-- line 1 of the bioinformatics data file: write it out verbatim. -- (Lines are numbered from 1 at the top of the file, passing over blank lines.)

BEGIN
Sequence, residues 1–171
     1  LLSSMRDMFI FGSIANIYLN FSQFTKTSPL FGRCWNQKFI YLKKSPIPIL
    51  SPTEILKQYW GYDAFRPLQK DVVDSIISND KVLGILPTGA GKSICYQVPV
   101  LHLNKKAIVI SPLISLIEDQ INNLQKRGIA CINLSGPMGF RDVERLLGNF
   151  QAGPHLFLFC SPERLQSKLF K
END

Sequence, residues 1–171